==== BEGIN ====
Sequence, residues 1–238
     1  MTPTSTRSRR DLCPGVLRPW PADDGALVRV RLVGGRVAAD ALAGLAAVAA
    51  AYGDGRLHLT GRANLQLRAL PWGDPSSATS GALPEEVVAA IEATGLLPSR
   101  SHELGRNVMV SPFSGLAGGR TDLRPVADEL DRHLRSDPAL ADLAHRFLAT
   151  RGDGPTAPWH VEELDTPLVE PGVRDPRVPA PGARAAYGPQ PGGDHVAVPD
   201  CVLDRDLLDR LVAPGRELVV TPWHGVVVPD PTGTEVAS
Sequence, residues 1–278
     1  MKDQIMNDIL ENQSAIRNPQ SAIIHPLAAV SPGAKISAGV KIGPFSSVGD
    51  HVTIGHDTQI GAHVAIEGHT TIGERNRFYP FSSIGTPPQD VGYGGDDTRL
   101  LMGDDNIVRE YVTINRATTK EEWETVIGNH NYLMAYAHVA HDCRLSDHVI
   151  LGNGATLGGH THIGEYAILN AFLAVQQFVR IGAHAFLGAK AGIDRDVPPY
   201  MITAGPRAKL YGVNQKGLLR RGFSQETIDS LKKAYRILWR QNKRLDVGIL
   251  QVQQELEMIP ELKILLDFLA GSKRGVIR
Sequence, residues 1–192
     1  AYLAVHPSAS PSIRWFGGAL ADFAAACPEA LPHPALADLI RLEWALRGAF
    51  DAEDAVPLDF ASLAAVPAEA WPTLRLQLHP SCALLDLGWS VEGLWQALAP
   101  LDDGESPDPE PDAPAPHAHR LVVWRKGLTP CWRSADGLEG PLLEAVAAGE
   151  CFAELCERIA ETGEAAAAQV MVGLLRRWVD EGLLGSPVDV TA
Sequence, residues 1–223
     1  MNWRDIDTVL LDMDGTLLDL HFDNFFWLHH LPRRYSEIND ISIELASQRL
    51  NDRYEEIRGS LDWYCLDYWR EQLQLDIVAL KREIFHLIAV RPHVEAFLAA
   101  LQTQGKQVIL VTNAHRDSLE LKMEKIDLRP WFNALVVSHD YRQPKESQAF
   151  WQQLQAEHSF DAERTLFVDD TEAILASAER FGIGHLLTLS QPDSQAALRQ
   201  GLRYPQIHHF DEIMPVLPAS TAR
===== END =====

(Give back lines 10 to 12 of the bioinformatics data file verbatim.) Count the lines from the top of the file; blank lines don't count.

   101  LMGDDNIVRE YVTINRATTK EEWETVIGNH NYLMAYAHVA HDCRLSDHVI
   151  LGNGATLGGH THIGEYAILN AFLAVQQFVR IGAHAFLGAK AGIDRDVPPY
   201  MITAGPRAKL YGVNQKGLLR RGFSQETIDS LKKAYRILWR QNKRLDVGIL